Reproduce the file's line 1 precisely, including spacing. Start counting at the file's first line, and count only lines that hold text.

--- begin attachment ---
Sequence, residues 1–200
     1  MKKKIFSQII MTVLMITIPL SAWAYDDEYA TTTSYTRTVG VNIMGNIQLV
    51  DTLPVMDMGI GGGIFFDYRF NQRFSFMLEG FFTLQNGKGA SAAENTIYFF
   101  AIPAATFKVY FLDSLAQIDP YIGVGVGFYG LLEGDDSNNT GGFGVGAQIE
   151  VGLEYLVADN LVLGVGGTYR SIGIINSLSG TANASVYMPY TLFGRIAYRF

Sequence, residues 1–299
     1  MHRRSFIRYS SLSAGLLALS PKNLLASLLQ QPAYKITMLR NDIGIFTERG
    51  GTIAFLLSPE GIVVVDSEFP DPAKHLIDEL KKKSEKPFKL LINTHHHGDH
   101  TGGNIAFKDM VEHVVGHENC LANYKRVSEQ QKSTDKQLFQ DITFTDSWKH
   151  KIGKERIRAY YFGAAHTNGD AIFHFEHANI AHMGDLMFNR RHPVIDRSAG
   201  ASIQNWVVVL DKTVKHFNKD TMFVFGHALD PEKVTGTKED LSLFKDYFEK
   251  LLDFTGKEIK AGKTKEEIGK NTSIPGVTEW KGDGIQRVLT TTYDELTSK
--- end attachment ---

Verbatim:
Sequence, residues 1–200